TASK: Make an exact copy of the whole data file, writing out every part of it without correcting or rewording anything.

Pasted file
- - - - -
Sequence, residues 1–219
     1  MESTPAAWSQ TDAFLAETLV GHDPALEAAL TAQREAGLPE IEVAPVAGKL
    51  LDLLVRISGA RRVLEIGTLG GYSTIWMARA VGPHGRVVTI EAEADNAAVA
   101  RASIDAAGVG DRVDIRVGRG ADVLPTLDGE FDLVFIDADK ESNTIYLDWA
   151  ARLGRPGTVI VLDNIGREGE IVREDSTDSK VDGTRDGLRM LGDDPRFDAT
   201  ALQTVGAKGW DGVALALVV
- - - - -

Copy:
Sequence, residues 1–219
     1  MESTPAAWSQ TDAFLAETLV GHDPALEAAL TAQREAGLPE IEVAPVAGKL
    51  LDLLVRISGA RRVLEIGTLG GYSTIWMARA VGPHGRVVTI EAEADNAAVA
   101  RASIDAAGVG DRVDIRVGRG ADVLPTLDGE FDLVFIDADK ESNTIYLDWA
   151  ARLGRPGTVI VLDNIGREGE IVREDSTDSK VDGTRDGLRM LGDDPRFDAT
   201  ALQTVGAKGW DGVALALVV